Dr. Dennis Nturibi

I have just attended two days of the Emergency Care Symposium at Safari Park Hotel. It was running from the 29th to the 30th of June 2017.

What many of you may not know is that in my ‘previous life”, I was an emergency care doctor and was very passionate about it. Some have even gone as far as saying that I was good at it! Though I have since moved on to Lifestyle Medicine, as I felt I would be able to have a bigger impact there, I remain passionate about Emergency Medical Care, and this conference was totally enjoyable for me.

This was the first conference of it’s kind in Kenya, driven by doctors, nurses, clinical officers, emergency medical technicians and others who are very committed to see Emergency Medical Care grow in Kenya. Under the stewardship of Dr. Benjamin Wachira, the first Kenyan Emergency Physician living and working in Kenya, the team has been able to bring all these professionals together, including even bankers and the government, and teams from as far off as Uganda, South Africa and Somalia, and put together an amazing symposium that was considerably oversubscribed.

It may surprise most people to realize that of all the fields of medicine, Emergency Care is one we are all going to need, most likely directly and personally within our lifetime, but definitely indirectly through a relative or loved one. Yet, the Kenyan Medical Board has only recognized Emergency Medicine as a specialty in 2017 thanks to Dr. Wachira’s dogged determination!

Emergency Medicine is that discipline that trains an already qualified doctor in how to recognize, treat to a very high degree of technical competence and/or refer appropriately acute emergency cases. These include everything from accident victims, acute illnesses such as malaria or pneumonia when they proceed unchecked to the point of being a threat to life, and other unusual occurrences such as drowning or chocking. Emergency Physicians are the doctors we all loved to watch in the series ER. The reality is that without the scores of highly trained Emergency Medical Technicians (EMTs), nurses and Clinical Officers (COs) out there, an Emergency Physician would be handicapped and almost useless.

One thing that has really impressed me during this conference is the manner in which so many different professionals have come together to grow this new industry. The reality is that a mature emergency system involves all manner of professionals, and cannot stand on any one person or group. With this as the inaugural symposium, we can expect a bright future for the Emergency Medicine Kenya Foundation and the sector at large.

Something that stood out for me at this conference was when Professor Lee Wallis, Dr. Wachira’s teacher and mentor, gave his keynote address. In typical professor fashion, his bird’s eye view of the sector was enlightening and humbling. He noted that in Africa, the care that will make a difference is low cost, involves training a wide selection of people in emergency care skills and not in degree courses, and working with policy makers and government towards free emergency care for all. It was clear that he carries the weight of the inequity of the sector on his shoulders and I was almost tempted to console him. During a personal conversation on the last day of the conference, he mentioned that he strongly believes we have to work smarter to identify that person who is very sick before they get worse and to the point of needing emergency care, such as when one has a heart attack. And of course, it is possible to do this.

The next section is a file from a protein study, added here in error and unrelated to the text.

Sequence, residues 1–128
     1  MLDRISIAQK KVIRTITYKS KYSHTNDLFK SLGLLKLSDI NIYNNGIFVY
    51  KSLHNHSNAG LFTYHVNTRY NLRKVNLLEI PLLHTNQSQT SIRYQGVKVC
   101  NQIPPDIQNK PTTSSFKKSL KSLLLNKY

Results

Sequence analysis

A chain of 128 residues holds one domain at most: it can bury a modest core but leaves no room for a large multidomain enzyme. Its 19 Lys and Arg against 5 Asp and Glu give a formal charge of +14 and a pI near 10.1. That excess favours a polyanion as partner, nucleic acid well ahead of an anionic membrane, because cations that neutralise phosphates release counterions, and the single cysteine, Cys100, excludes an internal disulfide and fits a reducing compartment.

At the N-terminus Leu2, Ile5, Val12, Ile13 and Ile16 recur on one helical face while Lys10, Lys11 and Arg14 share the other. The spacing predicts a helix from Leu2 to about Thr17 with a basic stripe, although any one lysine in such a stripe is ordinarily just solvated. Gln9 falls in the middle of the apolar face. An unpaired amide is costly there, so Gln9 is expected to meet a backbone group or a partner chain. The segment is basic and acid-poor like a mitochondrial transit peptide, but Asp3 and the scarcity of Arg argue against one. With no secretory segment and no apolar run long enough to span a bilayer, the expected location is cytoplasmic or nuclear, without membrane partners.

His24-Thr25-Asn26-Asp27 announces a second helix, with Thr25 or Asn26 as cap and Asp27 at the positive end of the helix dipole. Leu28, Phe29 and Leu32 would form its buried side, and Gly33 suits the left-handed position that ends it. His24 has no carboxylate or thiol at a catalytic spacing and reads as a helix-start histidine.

It was exciting to learn of the 18-month diploma program in Emergency Care for COs being offered at Kijabe. I have been involved in hiring COs and I do know many of them are unemployed, or working in call centers and other places. It is such a waste of resources, in a country that is grossly understaffed in the medical facilities. Knowing these emergency trained COs will be out there is personally reassuring. As a doctor who has worked in the emergency field, I live in fear of personally suffering an accident in rural Kenya. However, there is now light at the end of the tunnel.

Interestingly government was very well represented. We were all surprised to learn from Professor Lee that our legislation is much more advanced than South Africa’s. We heard in details what the law stipulates, and policies that are being developed in the sector. We are certainly headed in the right direction, and we pray that implementation will be fast and efficient.

The Emergency Medicine Kenya Foundation has worked on a lot of resources to grow the sector, which are freely available on their website- http://www.emergencymedicinekenya.org It is actually mind boggling how they have done all this in so short a time. It smacks of a lot of personal drive and sweat from a handful of individuals. I salute them. I have always felt that Africa needs homegrown solutions to our problems, and I applaud those pioneers who are championing this and other movements. As a people, we need to mature beyond the crippling desire of personal achievement and aggrandization and instead work to make a difference and leave a legacy.

If anyone came across anything over the last two days that they would like to criticize, I would urge them to hold their tongue, stay calm and do something to make a difference. Well done Emergency Medicine Kenya Foundation, and keep up the good work.

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